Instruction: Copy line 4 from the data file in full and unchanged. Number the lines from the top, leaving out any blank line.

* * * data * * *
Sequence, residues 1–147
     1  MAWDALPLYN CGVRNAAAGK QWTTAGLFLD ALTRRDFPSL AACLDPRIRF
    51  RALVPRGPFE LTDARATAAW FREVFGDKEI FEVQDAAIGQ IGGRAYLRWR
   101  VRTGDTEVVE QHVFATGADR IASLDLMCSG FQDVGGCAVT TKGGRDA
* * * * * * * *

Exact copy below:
   101  VRTGDTEVVE QHVFATGADR IASLDLMCSG FQDVGGCAVT TKGGRDA